Paul Wolfowitz and the promise of American power, 1969– 2001
in American foreign policy
Abstract only
Log-in for full text

Paul Dundes Wolfowitz is best known for his hawkish service to the George W. Bush administration, when he pushed strongly for the invasion and occupation of Iraq. But this was merely the most recent chapter in a long foreign policy career that began in 1969, and that included service to the Richard Nixon, Gerald Ford, Jimmy Carter, Ronald Reagan and George H. W. Bush administrations. This chapter characterises this period as one in which Wolfowitz's worldview departed the fringe and settled in the mainstream. While serving the Carter, Reagan and George H. W. Bush administrations, Wolfowitz helped to catalyse policy shifts and formulated guidance documents that influenced later presidencies. Noam Chomsky and Paul Wolfowitz share many common traits; among other things, they both overstate America's actual or prospective ability to shape the world. The Second Iraq War emphasised the limits of American power rather than the potentialities.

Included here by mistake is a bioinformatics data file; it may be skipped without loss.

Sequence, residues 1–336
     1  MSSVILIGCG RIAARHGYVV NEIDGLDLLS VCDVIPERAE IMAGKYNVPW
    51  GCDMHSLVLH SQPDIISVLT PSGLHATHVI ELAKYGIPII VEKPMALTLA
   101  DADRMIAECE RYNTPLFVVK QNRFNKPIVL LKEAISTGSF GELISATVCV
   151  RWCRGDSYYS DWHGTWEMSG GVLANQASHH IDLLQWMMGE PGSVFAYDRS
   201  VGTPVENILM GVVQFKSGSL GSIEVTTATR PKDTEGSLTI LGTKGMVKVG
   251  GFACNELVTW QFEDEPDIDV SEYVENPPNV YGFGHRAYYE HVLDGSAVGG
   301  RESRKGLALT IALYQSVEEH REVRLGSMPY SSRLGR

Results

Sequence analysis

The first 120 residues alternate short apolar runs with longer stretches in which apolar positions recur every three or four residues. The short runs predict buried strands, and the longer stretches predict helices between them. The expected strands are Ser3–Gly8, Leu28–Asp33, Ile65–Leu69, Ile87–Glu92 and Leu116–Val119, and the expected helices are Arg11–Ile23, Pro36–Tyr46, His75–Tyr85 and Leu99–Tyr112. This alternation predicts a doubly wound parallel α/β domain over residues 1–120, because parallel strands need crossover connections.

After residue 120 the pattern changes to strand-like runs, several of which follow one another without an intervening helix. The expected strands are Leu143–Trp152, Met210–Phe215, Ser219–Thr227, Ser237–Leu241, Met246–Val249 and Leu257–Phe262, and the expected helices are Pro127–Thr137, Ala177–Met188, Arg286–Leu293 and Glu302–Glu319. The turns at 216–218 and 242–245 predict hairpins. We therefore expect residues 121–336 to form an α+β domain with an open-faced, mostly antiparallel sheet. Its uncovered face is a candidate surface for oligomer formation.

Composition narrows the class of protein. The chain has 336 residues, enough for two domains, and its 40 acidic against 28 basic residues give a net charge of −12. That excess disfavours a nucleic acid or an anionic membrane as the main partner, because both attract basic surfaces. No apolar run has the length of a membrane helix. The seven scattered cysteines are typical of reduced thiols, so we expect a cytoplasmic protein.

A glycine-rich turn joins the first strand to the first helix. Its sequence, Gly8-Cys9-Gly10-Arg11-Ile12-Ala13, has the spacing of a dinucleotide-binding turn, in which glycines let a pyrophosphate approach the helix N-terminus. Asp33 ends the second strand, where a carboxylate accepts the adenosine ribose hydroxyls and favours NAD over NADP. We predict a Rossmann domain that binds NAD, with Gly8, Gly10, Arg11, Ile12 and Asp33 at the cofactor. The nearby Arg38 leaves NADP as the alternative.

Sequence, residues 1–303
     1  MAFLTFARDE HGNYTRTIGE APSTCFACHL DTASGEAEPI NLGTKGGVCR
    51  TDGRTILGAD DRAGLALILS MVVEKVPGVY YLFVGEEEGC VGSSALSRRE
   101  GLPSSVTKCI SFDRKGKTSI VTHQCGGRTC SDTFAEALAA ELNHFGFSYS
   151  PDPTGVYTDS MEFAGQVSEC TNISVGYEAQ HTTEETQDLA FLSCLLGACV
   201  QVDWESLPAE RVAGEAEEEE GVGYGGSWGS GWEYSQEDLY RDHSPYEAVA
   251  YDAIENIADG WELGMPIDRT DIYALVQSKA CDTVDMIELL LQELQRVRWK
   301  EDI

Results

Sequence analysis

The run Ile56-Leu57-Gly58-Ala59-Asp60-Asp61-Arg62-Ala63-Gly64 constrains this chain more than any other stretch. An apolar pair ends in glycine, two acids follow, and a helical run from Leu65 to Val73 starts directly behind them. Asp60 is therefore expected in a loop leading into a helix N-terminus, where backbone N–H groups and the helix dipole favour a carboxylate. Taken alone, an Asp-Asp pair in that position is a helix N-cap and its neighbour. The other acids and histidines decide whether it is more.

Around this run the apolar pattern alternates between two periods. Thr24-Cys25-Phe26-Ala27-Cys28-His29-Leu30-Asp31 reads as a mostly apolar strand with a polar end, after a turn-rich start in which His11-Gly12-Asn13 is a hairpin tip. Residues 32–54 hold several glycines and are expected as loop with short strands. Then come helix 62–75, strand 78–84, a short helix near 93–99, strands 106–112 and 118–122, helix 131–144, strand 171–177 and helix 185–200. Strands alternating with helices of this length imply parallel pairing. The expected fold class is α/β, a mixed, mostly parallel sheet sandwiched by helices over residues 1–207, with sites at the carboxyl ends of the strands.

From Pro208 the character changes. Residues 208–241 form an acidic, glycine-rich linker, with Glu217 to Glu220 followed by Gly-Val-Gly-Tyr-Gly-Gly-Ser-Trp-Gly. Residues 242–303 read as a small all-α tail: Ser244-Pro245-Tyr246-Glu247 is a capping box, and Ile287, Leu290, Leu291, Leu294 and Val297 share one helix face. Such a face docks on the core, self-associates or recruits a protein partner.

American foreign policy

Studies in intellectual history


All Time Past Year Past 30 Days
Abstract Views 92 12 3
Full Text Views 25 1 0
PDF Downloads 19 1 0